In FIG. 4 of the drawings, with the locking handle 65 being rotated in a counter clockwise position, as shown by the arrow L, the connecting bracket and rod 77, 79 respectively are placed under tension, as illustrated by the arrows , which will act to pull the rear clamp 49 against the rear surface 7 of the table. The tension T also urges pivot pin 75, the handle 65, pivot pin 63 and the upper end of the spring bias lever 51 towards the rear surface 7 of the table saw 3, thus pivoting the spring biased lever 51 around pivot pin 57 and causing the lower end of the spring biased lever 51 to be forced against the inner wall surface 65 of the front guide rail 9. As a result, both the front and rear clamps 47, 49 respectively are simultaneously brought into releasable clamping engagement with the inner wall surface 35 of the front guide rail and the rear surface 7, for fixedly mounting the rip fence 1 in a secure and locked position relative to the table saw 3. The amount of clamping engagement for the front and rear clamps 47, 49 respectively may be adjusted by the adjusting nut 85 on the rear of the connecting rod 79.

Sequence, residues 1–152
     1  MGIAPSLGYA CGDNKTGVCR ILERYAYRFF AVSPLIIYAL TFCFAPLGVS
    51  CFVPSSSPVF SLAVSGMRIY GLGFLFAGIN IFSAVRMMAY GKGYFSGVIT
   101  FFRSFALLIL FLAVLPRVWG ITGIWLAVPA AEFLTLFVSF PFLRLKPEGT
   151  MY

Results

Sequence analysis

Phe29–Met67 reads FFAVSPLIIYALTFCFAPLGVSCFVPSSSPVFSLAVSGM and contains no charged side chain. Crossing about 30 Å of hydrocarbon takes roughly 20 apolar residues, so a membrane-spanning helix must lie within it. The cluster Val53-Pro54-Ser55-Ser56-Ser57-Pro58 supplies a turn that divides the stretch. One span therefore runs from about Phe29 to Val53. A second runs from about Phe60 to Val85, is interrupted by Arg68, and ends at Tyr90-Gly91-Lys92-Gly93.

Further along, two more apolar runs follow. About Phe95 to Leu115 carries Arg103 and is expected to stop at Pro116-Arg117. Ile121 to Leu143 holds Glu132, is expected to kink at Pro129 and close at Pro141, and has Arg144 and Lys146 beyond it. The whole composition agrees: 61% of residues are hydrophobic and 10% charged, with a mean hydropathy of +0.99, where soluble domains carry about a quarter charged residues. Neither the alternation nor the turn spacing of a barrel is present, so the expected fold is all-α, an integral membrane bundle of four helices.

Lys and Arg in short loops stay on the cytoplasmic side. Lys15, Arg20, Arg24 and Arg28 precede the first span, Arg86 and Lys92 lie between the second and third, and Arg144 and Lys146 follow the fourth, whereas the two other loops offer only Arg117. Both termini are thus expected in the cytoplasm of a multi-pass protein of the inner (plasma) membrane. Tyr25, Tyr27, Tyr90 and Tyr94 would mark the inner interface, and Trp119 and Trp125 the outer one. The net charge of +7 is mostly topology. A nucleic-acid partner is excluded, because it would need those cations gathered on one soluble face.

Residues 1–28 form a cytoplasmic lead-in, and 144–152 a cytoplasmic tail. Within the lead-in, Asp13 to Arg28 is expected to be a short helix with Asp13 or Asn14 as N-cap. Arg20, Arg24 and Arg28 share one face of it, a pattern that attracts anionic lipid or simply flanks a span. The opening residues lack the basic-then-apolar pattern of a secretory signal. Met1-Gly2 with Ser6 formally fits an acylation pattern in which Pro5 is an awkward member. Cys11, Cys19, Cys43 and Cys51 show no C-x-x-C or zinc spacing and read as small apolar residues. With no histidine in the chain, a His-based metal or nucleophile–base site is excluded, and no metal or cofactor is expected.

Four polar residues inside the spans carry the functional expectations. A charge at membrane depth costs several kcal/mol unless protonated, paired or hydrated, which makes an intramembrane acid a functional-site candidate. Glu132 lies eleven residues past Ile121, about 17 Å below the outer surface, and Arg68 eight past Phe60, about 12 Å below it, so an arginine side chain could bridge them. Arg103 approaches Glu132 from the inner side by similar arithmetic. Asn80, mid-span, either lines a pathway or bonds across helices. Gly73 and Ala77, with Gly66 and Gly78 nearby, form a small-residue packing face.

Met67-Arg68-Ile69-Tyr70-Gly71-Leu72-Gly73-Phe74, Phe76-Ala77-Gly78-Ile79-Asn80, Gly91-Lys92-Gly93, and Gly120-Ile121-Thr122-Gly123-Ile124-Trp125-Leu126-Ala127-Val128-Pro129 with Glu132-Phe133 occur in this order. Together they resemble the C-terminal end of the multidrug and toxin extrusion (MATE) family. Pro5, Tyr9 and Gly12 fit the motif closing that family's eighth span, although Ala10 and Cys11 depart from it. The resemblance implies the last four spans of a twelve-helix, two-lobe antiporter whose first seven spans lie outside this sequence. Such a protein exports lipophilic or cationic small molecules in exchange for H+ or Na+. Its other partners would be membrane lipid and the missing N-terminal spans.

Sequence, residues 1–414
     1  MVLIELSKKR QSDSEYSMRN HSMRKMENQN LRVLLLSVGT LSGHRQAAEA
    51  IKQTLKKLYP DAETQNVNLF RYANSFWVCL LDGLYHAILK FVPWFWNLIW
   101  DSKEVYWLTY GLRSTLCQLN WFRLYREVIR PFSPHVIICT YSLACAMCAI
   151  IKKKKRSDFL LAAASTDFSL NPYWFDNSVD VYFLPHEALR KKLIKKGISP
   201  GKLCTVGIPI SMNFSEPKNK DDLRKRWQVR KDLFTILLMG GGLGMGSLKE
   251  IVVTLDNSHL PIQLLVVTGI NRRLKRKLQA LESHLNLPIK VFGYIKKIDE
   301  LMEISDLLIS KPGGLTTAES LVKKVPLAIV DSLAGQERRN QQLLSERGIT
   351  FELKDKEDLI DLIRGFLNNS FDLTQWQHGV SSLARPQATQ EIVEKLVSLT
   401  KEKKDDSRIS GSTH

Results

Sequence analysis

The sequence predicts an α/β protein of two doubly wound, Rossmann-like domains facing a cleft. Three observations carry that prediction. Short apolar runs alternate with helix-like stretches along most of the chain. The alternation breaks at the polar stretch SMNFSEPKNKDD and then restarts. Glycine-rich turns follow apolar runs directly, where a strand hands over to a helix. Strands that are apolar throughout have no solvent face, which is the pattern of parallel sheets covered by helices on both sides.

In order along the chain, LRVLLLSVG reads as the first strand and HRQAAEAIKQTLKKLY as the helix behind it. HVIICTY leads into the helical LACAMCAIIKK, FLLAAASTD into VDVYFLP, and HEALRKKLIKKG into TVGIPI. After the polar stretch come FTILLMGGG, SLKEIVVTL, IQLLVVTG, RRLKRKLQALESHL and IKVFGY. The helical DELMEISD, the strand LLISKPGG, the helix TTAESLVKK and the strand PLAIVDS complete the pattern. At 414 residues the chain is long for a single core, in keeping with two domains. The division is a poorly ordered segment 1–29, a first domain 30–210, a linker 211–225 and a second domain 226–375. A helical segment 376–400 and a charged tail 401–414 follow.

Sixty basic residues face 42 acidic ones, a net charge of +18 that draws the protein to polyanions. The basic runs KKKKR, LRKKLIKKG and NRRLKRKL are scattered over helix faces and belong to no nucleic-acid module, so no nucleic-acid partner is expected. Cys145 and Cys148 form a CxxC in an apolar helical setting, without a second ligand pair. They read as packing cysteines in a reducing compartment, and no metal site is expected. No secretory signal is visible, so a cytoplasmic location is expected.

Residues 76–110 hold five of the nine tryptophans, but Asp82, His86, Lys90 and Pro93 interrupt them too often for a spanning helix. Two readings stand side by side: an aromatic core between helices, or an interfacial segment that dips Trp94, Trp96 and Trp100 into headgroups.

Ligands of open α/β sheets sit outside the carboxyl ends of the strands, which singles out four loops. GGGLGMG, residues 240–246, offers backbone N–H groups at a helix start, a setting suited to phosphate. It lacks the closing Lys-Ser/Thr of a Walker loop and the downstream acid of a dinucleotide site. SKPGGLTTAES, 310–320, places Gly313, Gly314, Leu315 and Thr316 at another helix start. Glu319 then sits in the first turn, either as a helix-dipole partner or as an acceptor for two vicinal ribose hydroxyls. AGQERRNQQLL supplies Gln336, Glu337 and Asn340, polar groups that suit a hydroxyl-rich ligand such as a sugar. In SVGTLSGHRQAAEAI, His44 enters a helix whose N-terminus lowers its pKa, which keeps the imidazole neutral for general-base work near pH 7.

The locking handle is retained in the locked position, as illustrated in FIG. 4 of the drawings, by the "over center" condition of the pivot pin 75 being located slightly above pivot pin 63. This "over-center" position, coupled with tension T in the connecting bracket and rod 77, 79 respectively, tends to rotate the locking handle 65 in a counter clockwise direction to keep it in the locked position, as illustrated.